I’m teaching writing this summer. Six-week courses. Join me.

Send your kids between summer camps. Or enroll yourself. You won’t regret it.

A more official, specific announcement is forthcoming. In the meantime, if you’re interested in enrollment, please email me at wingstowrite@gmail.com or post a comment below stating your interest.

NaPoWriMo: poems 7-11

i am totally flaking out. i had to catch up, in haiku. and not particularly strong or powerful haiku, either. just… rushed, keep-up-with-the-challenge haiku.

so here it is.

i should note that these are interconnected.

(for d.n.l.)

poem 7 – haiku

if prison’s a whale
and your cell, its belly, be
Jonah. wash ashore.

poem 8 – haiku

i know why you need
to circumvent Ninevah:
you’ll find mirrors there.

poem 9 – haiku

fear not reflection,
for in every flaw, there is
awe, grace, and power.

poem 10 – haiku

prisons are, themselves,
the criminals, molesting
all they claim to help.

poem 11- haiku

for the newly freed,
smog is as glorious as
tropics’ salted breeze.

NaPoWriMo: poems 4-6.

poem 4: missions

And then I took you to dinner
because I was used to paying,
every meal an apology for
the way you were raised:

I’m sorry your father left you.
I’m sorry that when he returned,
you were already Ellison’s
man underground, mind half-
Hoovered into oblivion.

Love can be retaught.
You can be deprogrammed.

Like all the other nights, you dined,
relishing saffron rice, ripping
naan into swaths, staining
your ample lips with curry: no
worries.

and later—
when we kissed, I took in
the garlicky grin behind that
mouth so used to secreting away
your truths and I thought:

I should’ve been a missionary,
the way I invade these ancestral villages
and offer the men my salvation.

 

poem 5: untitled

these are not the mud plains
where we met, two mongrels still black enough
to belong to the fields, where we were freer
to court and forge cabals in cottages of straw.

i am sure we are different, though
i cannot speak for you, whose voice is
little more than a wasp’s hum
every seventh summer now.

once, not long after you left, i was hitched
to a plow and made the Molly mule
Zora meant only as metaphor.

i knew then why we never married.

these are not the mines where they found you
and i asked for you, opened and autopsied.
i still dream of your lungs, so
marbled with soot that their blood
hardened sleek as obsidian.

that time, you vowed a return
as a soldier of fortune, as the driver of
a westward-facing wagon:
and you will have bonnets
and petticoats a-plenty;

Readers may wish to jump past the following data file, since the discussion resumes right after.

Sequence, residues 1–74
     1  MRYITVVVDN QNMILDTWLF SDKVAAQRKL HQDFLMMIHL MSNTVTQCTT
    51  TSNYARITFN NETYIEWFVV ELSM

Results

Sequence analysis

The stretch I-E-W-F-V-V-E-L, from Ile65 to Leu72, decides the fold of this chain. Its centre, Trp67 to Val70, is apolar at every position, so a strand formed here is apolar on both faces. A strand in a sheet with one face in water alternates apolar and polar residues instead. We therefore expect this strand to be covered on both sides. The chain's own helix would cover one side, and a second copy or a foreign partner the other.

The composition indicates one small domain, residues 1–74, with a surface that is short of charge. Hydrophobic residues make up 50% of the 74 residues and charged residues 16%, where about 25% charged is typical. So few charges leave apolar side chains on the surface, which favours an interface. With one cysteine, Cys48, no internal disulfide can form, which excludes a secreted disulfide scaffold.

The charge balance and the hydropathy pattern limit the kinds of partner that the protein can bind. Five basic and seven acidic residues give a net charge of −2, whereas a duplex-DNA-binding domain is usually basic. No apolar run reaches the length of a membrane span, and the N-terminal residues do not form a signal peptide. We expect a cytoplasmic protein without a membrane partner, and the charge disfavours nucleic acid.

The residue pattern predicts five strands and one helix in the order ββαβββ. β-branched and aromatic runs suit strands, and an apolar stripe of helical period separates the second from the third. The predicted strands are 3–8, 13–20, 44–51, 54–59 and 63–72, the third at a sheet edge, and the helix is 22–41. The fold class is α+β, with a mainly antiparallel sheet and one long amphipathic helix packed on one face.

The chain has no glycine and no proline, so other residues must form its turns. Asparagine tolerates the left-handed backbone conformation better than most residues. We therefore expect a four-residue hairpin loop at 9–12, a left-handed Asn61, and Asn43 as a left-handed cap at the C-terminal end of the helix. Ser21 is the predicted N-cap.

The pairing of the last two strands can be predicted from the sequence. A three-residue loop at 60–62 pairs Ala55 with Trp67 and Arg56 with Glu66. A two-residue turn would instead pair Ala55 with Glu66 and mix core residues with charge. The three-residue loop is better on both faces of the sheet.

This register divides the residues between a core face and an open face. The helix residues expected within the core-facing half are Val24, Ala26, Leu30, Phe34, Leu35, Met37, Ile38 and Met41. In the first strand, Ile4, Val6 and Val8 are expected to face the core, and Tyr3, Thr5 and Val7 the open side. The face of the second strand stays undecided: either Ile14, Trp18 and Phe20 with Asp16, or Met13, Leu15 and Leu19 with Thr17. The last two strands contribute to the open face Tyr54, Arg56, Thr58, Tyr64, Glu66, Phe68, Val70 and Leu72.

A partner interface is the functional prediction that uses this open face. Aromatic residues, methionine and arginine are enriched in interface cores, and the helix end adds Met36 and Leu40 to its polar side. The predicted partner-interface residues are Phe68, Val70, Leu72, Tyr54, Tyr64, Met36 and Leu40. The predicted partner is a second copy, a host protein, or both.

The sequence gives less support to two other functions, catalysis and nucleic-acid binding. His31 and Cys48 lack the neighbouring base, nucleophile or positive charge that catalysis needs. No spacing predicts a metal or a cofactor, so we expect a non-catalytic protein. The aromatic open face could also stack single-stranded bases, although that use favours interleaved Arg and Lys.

you will know the shuddering
cool of a parasol’s shade.

belief was impossible to conjure;
reincarnation is not an erasure.

poem 6: morgue

i do not know why
i was called to identify your body
after your overdose in the alley
behind Yummy’s with that girl in the
yellowed gingham dress.

but when i got there, i was told
that i was your emergency
contact and i suppose it made sense
that i would be. we were
so close once that i held
your DNA, stroked the strands
as they gathered themselves
into a hardy little core that
siphoned life, long after you left mine.

i should’ve felt more distress
than i did, looking down at the
milky crust scaling your irises
like acid caking corroded batteries
but Lord, it would be years
before i could fathom
that death would be more permanent
than my belief in you.

And then I took you to dinner

because I was used to paying,

every meal an apology for

the way you were raised:

I’m sorry your father left you.

I’m sorry that when he returned,

you were already Ellison’s

man underground, mind half-

Hoovered into oblivion.

Love can be retaught.

You can be deprogrammed.

Like all the other nights, you dined,

relishing saffron rice, ripping

naan into swaths, staining

your ample lips with curry: no

worries.

and later—

when we kissed, I took in

the garlicky grin behind that

mouth so used to secreting away

your truths and I thought:

I should’ve been a missionary,

the way I invade these ancestral villages

and offer the men my salvation.

NaPoWriMo: poems 1-3.

April is, of course, National Poetry Month. Last year I participated in the 30/30 challenge, writing 30 poems in 30 days. I’m trying it again this year, but I decided it on a whim, on the 2nd. So I’m a day behind. Every 3-5 days, I’ll post a digest of the few poems I’ve written (so as not to inundate you with daily posts). Occasionally, I may include some commentary, but that’s still up in the air. Let me know if you’re interested in the process; I’ll pontificate if it’s wanted. *shrug*

Anyway, here are poems 1-3, written between April 2 and April 4:

poem 1: surfeit

but tonight, let us feast